125,000 / 250,000
Big Blind Ante
Something had to give, and it was a battle of the preflop aces that eliminated one of the two hard-to-bust short stacks. Preben Stokkan moved in on the cutoff with for 1,280,000 and small blind Ben Heath reshoved for 2,400,000 with (big blind Kahle Burns folding his own ).
No help for Stokkan came with the board, and we are down to three.
If the rain were raises, coming from Igor Kurganov (in the main) and Kahle Burns secondarily. With a hefty pay jump, Preben Stokkan’s very short stack has been in the sights of everyone else, including Ben Heath, who has under eight big blinds himself. Forced all in with the by his stack (540,000 at time of shoving), Stokkan received a little breathing room, though not much, when Igor Kurganov gave him a preflop spin with . Stokkan hit a flush, and play continues four-handed with a huge chip discrepancy.
Heath, too, received a double through at the hands of Kurganov ( holding vs. ).
With more than 22,000,000 chips, the first two pots were taken down by Igor Kurganov with all-in preflop moves (with then ) that put his opponents to a simple yes/no test for their stacks (the answer was no, in both cases). The third hand, Kurganov opened with , defended from the big blind by his closest chip rival Kahle Burns with . Both players checked the flop, bringing the on the turn. Burns checked again, Kurganov bet 900,000 and took down the pot.
100,000 / 200,000
Big Blind Ante
There will be no back-to-back trophies in this event for Steve O’Dwyer. Having picked his spots to shove before the bubble bursting, he found another in the cutoff post-bubble with . Button Igor Kurganov gave it some thought with , eventually opting to call the 2,540,000.
The board ran out , propelling Kurganov into a frankly alarming chip lead and O’Dwyer to the cash desk.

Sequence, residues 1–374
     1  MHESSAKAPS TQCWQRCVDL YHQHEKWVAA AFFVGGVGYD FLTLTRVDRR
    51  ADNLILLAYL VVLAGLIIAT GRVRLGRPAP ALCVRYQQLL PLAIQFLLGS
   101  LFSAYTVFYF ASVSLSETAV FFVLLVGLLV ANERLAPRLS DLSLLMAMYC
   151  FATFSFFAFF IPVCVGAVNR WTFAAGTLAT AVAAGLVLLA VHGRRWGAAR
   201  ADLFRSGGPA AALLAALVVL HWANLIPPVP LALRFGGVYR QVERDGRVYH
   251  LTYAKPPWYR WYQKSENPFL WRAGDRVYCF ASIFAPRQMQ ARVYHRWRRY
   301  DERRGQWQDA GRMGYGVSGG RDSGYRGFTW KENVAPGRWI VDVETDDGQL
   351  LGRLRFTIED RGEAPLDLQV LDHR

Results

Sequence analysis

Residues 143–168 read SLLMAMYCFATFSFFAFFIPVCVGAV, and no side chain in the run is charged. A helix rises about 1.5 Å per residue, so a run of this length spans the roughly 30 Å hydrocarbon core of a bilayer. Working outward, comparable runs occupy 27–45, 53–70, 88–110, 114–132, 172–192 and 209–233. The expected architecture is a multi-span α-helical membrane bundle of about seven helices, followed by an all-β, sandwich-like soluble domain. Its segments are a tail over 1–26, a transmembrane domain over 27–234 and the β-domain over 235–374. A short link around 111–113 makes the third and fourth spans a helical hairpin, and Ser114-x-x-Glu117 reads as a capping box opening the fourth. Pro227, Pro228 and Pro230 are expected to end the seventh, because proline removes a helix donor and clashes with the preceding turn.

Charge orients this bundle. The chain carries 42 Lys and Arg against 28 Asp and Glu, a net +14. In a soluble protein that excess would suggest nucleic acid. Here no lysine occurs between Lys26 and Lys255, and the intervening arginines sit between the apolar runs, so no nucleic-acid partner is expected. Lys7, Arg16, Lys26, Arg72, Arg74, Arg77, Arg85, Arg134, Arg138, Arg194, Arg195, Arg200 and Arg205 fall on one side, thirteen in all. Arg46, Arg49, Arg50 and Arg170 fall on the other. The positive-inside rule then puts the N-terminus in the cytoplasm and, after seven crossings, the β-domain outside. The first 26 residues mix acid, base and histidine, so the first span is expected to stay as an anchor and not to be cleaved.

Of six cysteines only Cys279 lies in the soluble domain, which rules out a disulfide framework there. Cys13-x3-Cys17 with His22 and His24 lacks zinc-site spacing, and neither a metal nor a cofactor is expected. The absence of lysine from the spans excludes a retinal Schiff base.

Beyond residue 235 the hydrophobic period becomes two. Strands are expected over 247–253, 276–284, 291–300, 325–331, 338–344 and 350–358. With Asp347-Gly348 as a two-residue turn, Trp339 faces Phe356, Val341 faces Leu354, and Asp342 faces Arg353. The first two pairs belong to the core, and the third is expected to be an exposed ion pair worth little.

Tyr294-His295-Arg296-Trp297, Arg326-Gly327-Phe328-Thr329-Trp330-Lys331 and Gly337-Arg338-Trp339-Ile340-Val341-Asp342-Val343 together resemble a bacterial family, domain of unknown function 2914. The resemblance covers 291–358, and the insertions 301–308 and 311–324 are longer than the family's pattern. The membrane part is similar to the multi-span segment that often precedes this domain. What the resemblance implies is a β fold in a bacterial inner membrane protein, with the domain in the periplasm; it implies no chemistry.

Sudden drama, and sudden death for the start-of-day chip leader after a brief but violent clash blind on blind with Igor Kurganov. Kurganov picked up in the small blind, raising to 550,000. Over to Luke Reeves, who, with a pocket pair of his own – – thought for a while before moving all in for his full 5,735,000 stack. He was snapped, and in trouble. The flop brought a taste of a flush draw – , and the turn another club – – but the river sealed his fate and left the five remaining players in the money, guaranteed at least $75,000.
Steve O’Dwyer, having three-bet jammed (no call) one hand prior, tangled with Ben Heath thusly: he made it 320,000 to go from the cutoff with , Heath defending his big blind with .
Flop: . Heath check-called O’Dwyer’s bet of 440,000.
Turn: . Check to O’Dwyer again, who bet 530,000. Heath, with a pair of sevens and open-ended straight draw, facing the inscrutable winner of this event last year, used a timebank card before moving all in. He was rewarded with a snap fold and a slight new lease of life chip wise.
A payday of $75,000 awaits fifth place in this Super High Roller, a payday of $0 seventh. All conscious of this, the larger stacks have been steadily active, slowly increasing in the first half of Level 16. Showdowns are rare, but thanks to the cards up magic of PokerGO’s livestream, we know that Kurganov has been the most active with the widest range of hands, as is the prerogative of the chip leader with maximum pressure on the middling stacks.
He has taken chips from Luke Reeves with a well-timed nine-high river bet, three-bet Steve O’Dwyer a few times to win some small preflop pots and kept his hand in while showing down few of his hands.
As aptly said by the comms team: “He’s getting away with everything! Welcome to the Igor Kurganov experience.”
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